Companies utilize a variety of methods to determine the strength of character in a candidate for hire. A common question being asked is: “What is your greatest weakness?”
This question can force the candidate to appear weak and uneasy about the question which reflects upon their ability to handle a pressure situation. Therefore, the average candidate will prepare a canned answer ahead of time so that they are not caught off guard.
There are several schools of thought on how to handle the question. One method is to answer with a “noble weakness” such as, “I tend to work long hours on the job.” Another method is to follow the weakness with a positive success story to change the course of the discussion. Each method has its merits.
However, if you are concerned about appearing too phony or controlling and value a productive interchange with the interviewer, an answer can be given that shows honesty and a desire for a good fit with the organization.
The interview should be a two-way street whereas the company is “on trial” as much as the candidate. If the company values honesty and integrity as a key component for a new hire, then you will look for opportunities to display that in the interview. This is a perfect place to demonstrate those attributes.
If I were asked that question, I could honestly say that I am not sure what my greatest weakness is. However, I have not served all my bosses to their satisfaction, and have been removed from positions due to performance. Each one was for a different reason. One was for utilizing a flex-force to obviate the need for overtime. My boss did not like the concept. It was too progressive for his style of management. He considered my management style too soft.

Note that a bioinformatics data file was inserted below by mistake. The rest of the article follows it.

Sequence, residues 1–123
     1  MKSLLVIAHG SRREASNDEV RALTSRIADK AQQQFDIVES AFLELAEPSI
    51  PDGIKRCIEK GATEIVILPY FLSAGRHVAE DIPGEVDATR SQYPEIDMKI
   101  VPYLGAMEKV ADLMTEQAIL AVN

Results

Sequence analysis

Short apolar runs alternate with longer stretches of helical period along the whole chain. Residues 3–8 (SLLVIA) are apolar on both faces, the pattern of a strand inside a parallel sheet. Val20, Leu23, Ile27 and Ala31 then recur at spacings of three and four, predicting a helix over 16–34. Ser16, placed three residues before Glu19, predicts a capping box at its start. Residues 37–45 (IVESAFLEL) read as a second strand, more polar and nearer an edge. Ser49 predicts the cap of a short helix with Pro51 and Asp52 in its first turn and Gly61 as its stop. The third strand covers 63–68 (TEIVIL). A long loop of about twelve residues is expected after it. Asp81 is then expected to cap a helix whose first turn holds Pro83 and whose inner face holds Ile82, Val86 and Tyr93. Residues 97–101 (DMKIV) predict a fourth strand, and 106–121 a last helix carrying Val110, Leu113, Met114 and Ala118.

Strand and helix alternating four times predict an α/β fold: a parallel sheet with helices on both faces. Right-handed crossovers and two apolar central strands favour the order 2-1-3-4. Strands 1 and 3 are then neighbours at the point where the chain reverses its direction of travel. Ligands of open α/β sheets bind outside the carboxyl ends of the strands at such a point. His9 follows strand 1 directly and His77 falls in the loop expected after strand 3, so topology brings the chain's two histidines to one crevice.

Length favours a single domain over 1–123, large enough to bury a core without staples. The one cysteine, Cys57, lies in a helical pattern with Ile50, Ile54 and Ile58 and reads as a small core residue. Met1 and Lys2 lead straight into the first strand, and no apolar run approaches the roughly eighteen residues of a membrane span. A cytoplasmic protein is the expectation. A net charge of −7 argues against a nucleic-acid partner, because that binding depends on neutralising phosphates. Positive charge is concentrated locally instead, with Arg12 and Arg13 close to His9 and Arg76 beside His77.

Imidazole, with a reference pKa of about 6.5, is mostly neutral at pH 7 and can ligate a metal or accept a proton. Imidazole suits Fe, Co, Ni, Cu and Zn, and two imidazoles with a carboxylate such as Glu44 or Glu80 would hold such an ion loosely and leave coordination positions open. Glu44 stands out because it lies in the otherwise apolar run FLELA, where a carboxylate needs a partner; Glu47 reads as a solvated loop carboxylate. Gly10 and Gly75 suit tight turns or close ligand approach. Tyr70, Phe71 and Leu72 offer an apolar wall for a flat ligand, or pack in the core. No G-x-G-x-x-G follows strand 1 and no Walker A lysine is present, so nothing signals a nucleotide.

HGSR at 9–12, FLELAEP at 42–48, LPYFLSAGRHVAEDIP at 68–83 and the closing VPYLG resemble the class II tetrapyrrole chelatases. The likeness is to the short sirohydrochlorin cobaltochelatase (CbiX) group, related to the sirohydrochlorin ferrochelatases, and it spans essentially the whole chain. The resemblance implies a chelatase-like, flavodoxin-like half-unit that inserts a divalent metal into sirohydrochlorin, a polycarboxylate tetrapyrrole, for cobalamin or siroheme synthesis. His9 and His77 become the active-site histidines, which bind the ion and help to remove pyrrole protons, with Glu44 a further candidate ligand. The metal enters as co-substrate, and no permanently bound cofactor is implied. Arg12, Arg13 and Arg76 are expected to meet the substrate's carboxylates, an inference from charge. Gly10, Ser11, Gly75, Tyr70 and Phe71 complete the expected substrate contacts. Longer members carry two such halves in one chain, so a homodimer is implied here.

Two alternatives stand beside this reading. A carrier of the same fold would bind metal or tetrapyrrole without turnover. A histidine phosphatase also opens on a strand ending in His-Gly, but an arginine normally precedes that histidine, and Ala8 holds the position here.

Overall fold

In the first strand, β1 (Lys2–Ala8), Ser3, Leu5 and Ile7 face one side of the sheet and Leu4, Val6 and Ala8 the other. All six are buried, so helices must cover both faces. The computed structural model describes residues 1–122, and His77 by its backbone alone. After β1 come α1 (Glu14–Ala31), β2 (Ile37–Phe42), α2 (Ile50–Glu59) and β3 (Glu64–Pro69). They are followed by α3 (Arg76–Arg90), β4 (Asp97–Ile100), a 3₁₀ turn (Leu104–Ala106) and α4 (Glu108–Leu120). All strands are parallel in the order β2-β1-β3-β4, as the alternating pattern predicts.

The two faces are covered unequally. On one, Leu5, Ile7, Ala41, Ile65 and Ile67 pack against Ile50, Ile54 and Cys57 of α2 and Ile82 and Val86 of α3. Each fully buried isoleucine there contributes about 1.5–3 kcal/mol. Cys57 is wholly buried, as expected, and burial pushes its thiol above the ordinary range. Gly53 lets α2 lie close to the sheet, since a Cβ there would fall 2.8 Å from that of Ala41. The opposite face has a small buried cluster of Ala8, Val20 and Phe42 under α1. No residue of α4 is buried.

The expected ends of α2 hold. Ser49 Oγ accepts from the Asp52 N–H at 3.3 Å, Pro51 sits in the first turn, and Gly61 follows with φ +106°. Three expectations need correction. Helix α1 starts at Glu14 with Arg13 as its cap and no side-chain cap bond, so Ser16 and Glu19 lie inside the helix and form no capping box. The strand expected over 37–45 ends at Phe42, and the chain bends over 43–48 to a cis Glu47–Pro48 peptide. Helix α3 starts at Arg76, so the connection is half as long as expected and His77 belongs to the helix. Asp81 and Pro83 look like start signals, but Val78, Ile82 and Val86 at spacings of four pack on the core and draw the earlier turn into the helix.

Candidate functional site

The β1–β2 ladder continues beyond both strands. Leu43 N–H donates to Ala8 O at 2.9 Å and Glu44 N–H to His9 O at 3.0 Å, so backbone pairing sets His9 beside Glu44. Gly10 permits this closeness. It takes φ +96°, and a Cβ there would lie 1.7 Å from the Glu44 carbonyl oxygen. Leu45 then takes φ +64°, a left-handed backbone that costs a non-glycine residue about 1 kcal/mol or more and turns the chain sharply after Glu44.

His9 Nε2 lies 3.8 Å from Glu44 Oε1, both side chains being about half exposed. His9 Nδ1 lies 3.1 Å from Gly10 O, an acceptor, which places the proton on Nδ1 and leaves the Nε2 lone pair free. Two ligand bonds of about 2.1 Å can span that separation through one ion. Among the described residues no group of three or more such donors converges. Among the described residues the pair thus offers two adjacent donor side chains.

Being truthful and transparent will open the door to let the interviewer ask more questions about the situation. If it uncovers some embarrassing situations, then let the cards fall where they may. You are the product of your own experiences and knowhow. The real you will come forth when you get on the job and become relaxed around your surroundings. They should not be surprised about your behavior and conduct.
At the same time, it is not necessary to venture into your personal life, unless it could affect your ability to perform on the job.
In working with job seekers with a criminal record, I encourage them to look for an opportunity to reveal that they have a record during the interview. The reason is the company will find that out during a background check before they are hired. If it has already been revealed and discussed during the interview, then it will not be a cause to reject the candidate for failure to be open and honest.
Neither the company nor the job seeker wants surprises when starting a new job. So, both parties owe it to the process to answer all questions with honesty and transparency.
Be prepared for the question. And build into the response things that show your willingness to be open and above-board with your answers.
In today’s climate of shading the truth for personal gain, you will stand out like a breath of fresh air when you are willing to be who you really are, the real thing.